Subaru, Aurora pantry 'Share the Love'

 
 
Updated 3/28/2017 12:50 PM
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The Aurora Area Interfaith Food Pantry distributed roughly 3.5 million pounds of food last year to nearly 23,000 different people in need.

Providing that much food for that many people can be a challenge for any organization, and the Aurora pantry is no different.

So when Executive Director Marilyn Weisner learned last fall that Naperville-based Gerald Subaru had selected the pantry as its local charity for the company's national Share the Love campaign, she was thrilled.

And she was even more thrilled last week when the bosses at Gerald presented pantry staff members with an oversized check for $48,760.

Because the pantry can parlay every dollar it receives into $7 worth of food, the donation will generate right around $341,000 worth of milk and eggs and produce and staples for people who otherwise might go hungry.

"It's just incredible," Weisner says. "It's just an amazing donation."

Share the Love

Subaru's Share the Love campaign started in November and continued through the start of the year.

The rules were pretty simple: The corporation agreed to donate $250 to charity for every new vehicle either leased or purchased. Car buyers had the option of having the money donated to one or more of four national charities selected by the company or to a local charity chosen by the dealership.

In this case, the guys running Gerald Subaru -- owner Doug Gerald and general manager Alec McKean -- chose the pantry as their local recipient.

The dealer raised about $38,000 through car sales and leases and then announced it would kick in another $10,000 on its own.

McKean says he got to know about the pantry a year or so ago through a friend, and the dealership already had undertaken some smaller fundraising efforts on its behalf -- including one over the summer that raised about $20,000.

But the Share the Love campaign was even more successful because both his staff and his customers bought into the idea that earmarking money for the pantry would directly benefit the community.

"This was huge," McKean said. "We didn't think it would be this large of a donation."

"They just went to town with the campaign," Weisner says.

Food for everyone

The Aurora pantry first opened its doors in 1981 and this is Weisner's ninth year at the helm.

She and her husband, former mayor Tom Weisner, spent some of their early years as members of the Peace Corps working in Third World countries where they learned just how important nutrition can be.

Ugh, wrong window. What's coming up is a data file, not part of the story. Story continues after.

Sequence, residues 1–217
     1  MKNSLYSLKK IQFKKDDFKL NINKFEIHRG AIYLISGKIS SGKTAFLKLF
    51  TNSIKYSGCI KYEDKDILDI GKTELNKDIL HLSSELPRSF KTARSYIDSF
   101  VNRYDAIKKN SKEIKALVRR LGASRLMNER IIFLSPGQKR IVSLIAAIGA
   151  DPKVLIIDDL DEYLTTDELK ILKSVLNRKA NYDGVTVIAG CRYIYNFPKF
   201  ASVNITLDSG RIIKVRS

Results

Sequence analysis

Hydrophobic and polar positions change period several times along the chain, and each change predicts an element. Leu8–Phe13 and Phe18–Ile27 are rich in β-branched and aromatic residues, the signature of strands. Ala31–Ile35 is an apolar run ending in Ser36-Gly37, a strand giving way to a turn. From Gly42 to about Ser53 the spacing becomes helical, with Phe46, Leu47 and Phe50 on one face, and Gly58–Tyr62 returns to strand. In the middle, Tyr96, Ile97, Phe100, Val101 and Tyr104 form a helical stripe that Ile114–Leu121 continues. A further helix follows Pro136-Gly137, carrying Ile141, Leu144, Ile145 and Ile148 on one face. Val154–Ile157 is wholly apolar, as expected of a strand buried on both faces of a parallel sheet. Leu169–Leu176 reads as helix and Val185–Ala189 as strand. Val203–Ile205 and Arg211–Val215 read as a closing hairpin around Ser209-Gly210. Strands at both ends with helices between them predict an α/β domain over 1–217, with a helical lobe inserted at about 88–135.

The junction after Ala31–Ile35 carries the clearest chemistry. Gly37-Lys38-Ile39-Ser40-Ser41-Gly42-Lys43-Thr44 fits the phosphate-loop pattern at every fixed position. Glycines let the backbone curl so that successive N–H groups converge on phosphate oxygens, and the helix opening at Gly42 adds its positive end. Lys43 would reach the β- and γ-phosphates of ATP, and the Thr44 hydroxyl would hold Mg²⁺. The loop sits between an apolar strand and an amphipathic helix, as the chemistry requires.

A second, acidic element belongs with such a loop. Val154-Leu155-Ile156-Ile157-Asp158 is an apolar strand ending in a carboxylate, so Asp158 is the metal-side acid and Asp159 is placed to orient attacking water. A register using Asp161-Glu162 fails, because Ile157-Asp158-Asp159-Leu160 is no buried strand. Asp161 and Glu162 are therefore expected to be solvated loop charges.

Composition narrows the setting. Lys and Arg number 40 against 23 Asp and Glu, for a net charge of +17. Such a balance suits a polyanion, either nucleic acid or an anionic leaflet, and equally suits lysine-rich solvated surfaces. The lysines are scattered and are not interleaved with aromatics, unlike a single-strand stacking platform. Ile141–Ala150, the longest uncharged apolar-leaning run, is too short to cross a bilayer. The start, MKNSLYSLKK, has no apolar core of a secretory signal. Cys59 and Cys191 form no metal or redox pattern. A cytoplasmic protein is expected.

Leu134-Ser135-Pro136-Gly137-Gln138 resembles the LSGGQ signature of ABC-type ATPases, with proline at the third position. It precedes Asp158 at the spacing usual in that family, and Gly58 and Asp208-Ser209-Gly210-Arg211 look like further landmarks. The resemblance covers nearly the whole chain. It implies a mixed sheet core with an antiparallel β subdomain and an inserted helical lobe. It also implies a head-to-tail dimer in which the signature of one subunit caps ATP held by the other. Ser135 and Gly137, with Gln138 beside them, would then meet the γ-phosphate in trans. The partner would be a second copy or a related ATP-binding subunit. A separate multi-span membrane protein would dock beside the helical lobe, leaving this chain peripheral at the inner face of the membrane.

"The idea of everyone getting enough food appealed to me," she says.

When she looked around Aurora and parts of Kane County, she says, the thought that "someone in our country and our community didn't have access to enough food just didn't seem right."

The pantry started, as many do, in cramped quarters, but moved into its new building at 1110 Jericho Road in 2013. It operates with six staff members and nearly 500 volunteers.

Weisner says 35 people are on hand for distribution days -- scheduled for 10 a.m. until 2 p.m. Mondays, Tuesdays and Thursdays -- to handle countless duties that range from stocking shelves to helping people carry food to their vehicles.

She says the pantry is hoping to install lights in its parking lot, with an eye toward offering evening distribution hours so more of the working poor can take advantage of the service.

That's the real kicker, she says.

Roughly half the people who use the pantry are working, but "people just don't make enough money to cover all their living expenses."

Client's choice

If you're going to distribute 3.5 million pounds of food, it has to come from somewhere and the Aurora pantry mines three major sources.

First, and maybe most importantly, it works with stores that are willing to donate food they know they won't sell.

The food is perfectly good, Weisner says, and still under its freshness date. But if a grocer has over-ordered, say, yogurt, pantry volunteers are invited to collect the extras.

Volunteers make 40 trips a week to stores such as Jewel, Mariano's and Wal-Mart to stock their shelves.

Second, the pantry depends on businesses, schools and other groups to conduct food drives that usually provide canned goods and other staples.

Finally, the pantry works closely with the Northern Illinois Food Bank, which provides food at "significant discounts."

Once all that food is collected, the pantry gives its clients the chance to visit once a week and select what they need and want. They can walk through the pantry's market and check out the walk-in coolers and the produce and bread sections.

Weisner says that "client's choice" approach is more effective than simply handing someone a bag full of groceries because it allows them to pick items they'll actually eat.

Just as importantly, she says, "it treats people with dignity and treats people with respect."

And because people can visit once a week, she says, the food is available "when the need arises."

The Subaru donation will help ensure that program can continue.

"We have wonderful community support," Weisner says, "and this just demonstrates that."

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